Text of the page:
My Patient Story
State: New York
Congressional District: NY16
Issues and Challenges
Jim has encountered: Mental Health Access, Gaslighting, Invisible Illness, Medical Discrimination
This is what gaslighting is.
I've had clinical depression since I was a child. I didn't know it then, not by that name anyway. That's because I grew up in a religious home with parents of great faith and love who did not to identify depression as an illness. Instead, like many religious families, they attributed the gloominess, solitude, and quietness to a crisis of faith, and treated it like one.
Out of public school into Catholic school. Family Bible readings supplemented by the spiritual personas on television. Weekly mass - sometimes more than weekly. On their own merits, meaningful practices, but as a corrective measure for depression, failures.
Faith as medicine did not make me feel accepted. It harmed my wholesale relationship with religion. My parents acted out of love, but sadly, also out of ignorance. And then my clinical depression culminated in an event that nearly ended my life.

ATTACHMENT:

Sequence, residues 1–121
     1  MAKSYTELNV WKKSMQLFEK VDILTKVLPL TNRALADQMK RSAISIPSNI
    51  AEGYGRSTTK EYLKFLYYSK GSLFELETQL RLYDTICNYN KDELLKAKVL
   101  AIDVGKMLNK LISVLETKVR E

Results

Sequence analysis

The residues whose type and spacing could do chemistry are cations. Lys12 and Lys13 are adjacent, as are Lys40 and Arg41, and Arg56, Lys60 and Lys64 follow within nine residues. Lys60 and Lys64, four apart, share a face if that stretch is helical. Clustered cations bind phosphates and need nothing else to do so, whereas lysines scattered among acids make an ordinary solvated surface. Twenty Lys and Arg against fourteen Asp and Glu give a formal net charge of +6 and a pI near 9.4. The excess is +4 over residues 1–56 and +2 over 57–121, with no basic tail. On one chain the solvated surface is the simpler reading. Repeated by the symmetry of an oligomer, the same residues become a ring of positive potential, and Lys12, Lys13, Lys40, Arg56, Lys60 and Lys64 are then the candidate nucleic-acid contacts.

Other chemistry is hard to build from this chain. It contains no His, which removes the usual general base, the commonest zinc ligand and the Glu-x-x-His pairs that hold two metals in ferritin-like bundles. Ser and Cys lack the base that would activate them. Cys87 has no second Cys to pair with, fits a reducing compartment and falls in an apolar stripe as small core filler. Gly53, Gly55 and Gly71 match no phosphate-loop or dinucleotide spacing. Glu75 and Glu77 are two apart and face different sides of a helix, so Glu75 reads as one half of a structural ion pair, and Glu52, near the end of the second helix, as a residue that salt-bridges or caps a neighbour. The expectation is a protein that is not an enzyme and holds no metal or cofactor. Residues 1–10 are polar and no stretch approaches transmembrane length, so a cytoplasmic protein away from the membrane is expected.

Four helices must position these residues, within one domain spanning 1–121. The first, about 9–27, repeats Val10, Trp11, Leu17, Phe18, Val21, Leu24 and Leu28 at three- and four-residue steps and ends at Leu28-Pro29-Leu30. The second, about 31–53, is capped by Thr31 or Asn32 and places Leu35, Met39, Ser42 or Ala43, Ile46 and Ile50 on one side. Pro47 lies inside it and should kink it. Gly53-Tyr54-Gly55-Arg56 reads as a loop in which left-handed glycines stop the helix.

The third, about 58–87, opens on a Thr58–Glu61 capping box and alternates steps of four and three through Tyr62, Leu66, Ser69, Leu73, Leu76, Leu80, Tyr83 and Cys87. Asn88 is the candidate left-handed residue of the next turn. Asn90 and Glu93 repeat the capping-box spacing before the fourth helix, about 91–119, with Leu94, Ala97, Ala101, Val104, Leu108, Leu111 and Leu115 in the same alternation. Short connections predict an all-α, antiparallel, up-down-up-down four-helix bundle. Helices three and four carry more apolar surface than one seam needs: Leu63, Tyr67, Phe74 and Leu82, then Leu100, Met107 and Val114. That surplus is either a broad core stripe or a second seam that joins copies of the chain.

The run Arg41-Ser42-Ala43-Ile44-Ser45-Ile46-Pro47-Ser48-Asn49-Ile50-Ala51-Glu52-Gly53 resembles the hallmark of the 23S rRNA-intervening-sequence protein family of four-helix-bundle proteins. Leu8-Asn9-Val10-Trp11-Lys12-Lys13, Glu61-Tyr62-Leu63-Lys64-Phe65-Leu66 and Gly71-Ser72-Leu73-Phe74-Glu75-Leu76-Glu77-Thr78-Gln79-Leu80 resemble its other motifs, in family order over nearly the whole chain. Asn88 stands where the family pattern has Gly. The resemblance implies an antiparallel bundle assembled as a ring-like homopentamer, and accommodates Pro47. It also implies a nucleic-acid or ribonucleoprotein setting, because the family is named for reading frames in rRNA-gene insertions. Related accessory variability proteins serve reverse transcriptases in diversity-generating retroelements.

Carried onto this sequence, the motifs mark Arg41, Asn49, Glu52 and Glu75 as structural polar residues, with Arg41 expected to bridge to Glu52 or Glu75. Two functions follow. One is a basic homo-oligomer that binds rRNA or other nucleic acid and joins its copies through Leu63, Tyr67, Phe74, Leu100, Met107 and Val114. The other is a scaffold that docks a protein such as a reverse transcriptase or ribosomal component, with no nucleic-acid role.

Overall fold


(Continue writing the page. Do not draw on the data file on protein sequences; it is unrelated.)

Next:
Everything changed after 'the attempt'. My parents turned to medicine and science to find help and support for me, and for themselves. Not at the exclusion of faith and religion, but in addition.
Now, as an adult, I practice both spirituality, creative expression, and medicine to manage my depression. My depression is not a failure of faith, it is a disease. I and my family ultimately accepted that and healed together.
Gaslighting is ignoring a truth one does not feel equipped to accept. For doctors, that often means attributing pain to anxiety, or even physical signs to other physical ailments. At its heart, it is either lazy and disingenuous, or a product of ignorance. Whatever it is, people living with illness must believe in themselves or risk being fooled into thinking (gaslit) that whatever is wrong with them is their fault, and carrying that terrible burden with them.
My Motivation and Inspiration
My motivation is my parents and my siblings and my wife, all of whom to varying degrees lived with me through suffering, confusion, and ultimate revelation.
I am also motivated by the people I encounter in my role at Patients Rising - people struggling to own their illness, find a path to wellness, and be accepted and loved for who they are.